The Earth's mantle - Richard Allen

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Seismological images of the Earth's mantle reveal three distinct changes in velocity structure, at depths ... When the core segregated from the silicate and gas of.

review article

The Earth's mantle George R. Helffrich*² & Bernard J. Wood² * Earth and Planetary Science, Tokyo Institute of Technology, 2-12-1 Ookayama, Meguro-Ku, Tokyo 152-8551, Japan ² Department of Earth Sciences, University of Bristol, Bristol BS8 1RJ, UK

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Seismological images of the Earth's mantle reveal three distinct changes in velocity structure, at depths of 410, 660 and 2,700 km. The ®rst two are best explained by mineral phase transformations, whereas the thirdÐthe D0 layerÐprobably re¯ects a change in chemical composition and thermal structure. Tomographic images of cold slabs in the lower mantle, the displacements of the 410-km and 660-km discontinuities around subduction zones, and the occurrence of small-scale heterogeneities in the lower mantle all indicate that subducted material penetrates the deep mantle, implying whole-mantle convection. In contrast, geochemical analyses of the basaltic products of mantle melting are frequently used to infer that mantle convection is layered, with the deeper mantle largely isolated from the upper mantle. We show that geochemical, seismological and heat-¯ow data are all consistent with whole-mantle convection provided that the observed heterogeneities are remnants of recycled oceanic and continental crust that make up about 16 and 0.3 per cent, respectively, of mantle volume.

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he Earth's mantle comprises 82% of its volume and 65% of its mass. It constitutes virtually all of the silicate part of the Earth, extending from the base of the crust (0.6% of Earth's silicate mass) to the top of the metallic core (Fig. 1). When the core segregated from the silicate and gas of the proto-Earth, it incorporated high concentrations of the siderophile elements, leaving lithophile elements in the silicate mantle. (Words in bold are explained in the glossary; see Box 1.) Thus, the current composition of the mantle has core formation imprinted on itÐas pronounced depletions in, for example, Fe, Ni, S, W, Pt, Au and Pb relative to the chondritic meteorites1,2, which are used to constrain the composition of the whole Earth. Owing to the fractionation of lithophile radioactive parent isotopes such as 238 U and 182Hf from their siderophile daughters 206Pb and 182W, core formation can be dated as the time at which the evolution of the isotopic compositions of Pb and W diverged from the meteorite trend. The result (about 4.5 Gyr ago) corresponds to 50±100 Myr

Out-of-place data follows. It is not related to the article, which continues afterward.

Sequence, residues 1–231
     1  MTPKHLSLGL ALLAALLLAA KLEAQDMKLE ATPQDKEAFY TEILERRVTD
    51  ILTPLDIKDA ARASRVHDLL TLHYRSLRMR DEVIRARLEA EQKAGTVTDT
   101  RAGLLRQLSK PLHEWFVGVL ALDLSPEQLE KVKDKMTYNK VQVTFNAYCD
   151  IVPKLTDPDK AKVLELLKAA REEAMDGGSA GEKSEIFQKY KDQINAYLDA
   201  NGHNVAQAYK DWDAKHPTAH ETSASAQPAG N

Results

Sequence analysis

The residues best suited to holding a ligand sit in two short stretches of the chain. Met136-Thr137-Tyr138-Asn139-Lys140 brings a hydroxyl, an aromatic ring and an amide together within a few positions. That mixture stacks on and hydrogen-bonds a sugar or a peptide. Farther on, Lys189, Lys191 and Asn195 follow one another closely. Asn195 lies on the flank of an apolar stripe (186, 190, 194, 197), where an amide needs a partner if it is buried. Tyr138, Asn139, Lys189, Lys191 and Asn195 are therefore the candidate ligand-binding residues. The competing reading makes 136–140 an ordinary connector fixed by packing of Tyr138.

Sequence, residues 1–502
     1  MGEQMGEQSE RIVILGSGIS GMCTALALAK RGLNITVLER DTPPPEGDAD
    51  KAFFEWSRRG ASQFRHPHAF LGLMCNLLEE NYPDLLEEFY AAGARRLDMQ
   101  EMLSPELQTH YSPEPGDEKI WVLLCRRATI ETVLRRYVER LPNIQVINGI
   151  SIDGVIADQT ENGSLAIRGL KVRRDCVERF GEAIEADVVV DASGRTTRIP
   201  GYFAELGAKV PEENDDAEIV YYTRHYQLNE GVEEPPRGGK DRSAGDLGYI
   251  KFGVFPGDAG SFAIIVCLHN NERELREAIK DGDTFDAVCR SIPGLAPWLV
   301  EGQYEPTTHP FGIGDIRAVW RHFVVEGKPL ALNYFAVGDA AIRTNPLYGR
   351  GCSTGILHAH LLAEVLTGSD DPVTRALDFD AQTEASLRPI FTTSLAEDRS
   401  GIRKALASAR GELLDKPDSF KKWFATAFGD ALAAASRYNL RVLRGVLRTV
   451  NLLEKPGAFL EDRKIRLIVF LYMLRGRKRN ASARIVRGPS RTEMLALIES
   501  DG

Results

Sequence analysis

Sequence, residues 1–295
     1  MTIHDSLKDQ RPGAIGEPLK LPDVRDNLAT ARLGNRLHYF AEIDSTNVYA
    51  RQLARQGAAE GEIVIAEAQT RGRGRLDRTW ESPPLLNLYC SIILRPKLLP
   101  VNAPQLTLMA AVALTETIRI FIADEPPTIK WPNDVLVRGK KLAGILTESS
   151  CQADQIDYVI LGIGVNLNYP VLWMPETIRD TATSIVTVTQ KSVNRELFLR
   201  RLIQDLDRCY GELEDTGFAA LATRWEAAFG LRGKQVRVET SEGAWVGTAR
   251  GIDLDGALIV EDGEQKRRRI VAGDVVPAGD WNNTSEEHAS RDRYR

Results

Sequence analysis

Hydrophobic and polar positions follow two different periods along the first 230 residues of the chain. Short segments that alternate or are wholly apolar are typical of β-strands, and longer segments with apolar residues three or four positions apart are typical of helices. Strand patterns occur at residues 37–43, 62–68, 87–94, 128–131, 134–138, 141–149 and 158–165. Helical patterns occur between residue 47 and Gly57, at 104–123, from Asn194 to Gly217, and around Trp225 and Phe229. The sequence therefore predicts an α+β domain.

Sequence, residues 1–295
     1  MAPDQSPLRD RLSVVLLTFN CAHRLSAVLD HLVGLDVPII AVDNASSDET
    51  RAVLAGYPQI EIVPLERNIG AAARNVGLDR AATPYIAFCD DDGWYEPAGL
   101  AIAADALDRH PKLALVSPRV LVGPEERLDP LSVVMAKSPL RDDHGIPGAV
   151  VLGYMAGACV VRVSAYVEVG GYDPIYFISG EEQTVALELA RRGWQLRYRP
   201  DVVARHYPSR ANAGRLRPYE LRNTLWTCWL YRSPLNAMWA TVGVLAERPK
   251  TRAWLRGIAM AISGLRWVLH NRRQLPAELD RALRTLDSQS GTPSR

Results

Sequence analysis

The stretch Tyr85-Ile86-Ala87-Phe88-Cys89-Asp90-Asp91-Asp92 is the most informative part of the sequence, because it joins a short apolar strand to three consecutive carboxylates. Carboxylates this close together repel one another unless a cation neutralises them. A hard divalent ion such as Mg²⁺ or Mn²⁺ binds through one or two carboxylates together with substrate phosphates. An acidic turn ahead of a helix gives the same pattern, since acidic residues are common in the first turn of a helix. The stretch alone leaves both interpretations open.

after the formation of the oldest meteorite bodies in the Solar System3,4. Mantle rocks that occur occasionally at the surface, either as tectonic fragments (kilometre scale) or as inclusions in explosive eruptives (centimetre scale) are predominantly peridotites. One of the main questions facing the Earth sciences is whether a peridotite composition, representative of the upper 150 km of the mantle, can also be assumed to represent the remainder of the mantle down to 2,900 km depth. Many geochemical data suggest not. For example, the current heat ¯ux at the Earth's surface is about 44 TW (44 ´ 1012 W), most of which can be reasonably attributed to radioactive decay of K, U and Th in the mantle5. The upper-mantle source region of mid-ocean ridge basalt (MORB) is depleted in these elements, however, and only produces 2±6 TW. The simplest explanation of the shortfall is that there is a lower layer enriched in the heat-producing elements that is only sporadically involved in the production of surface rocks6±8. Similarly, the ¯ux of the

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Velocity, v (km s–1) Density, ρ (g cm –3 ) Figure 1 Speeds of seismic waves in the Earth, showing the major discontinuities at 410 and 660 km depth, and the D0 layer at the base of the mantle. Also shown (right) is a cutaway view of the Earth, showing a region of continental crust and a subducted lithospheric slab extending into the lower mantle. The D0 layer is irregular in thickness. A hypothetical ``lower layer''5 is shown with a dashed line. NATURE | VOL 412 | 2 AUGUST 2001 | www.nature.com

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review article

Mantle structure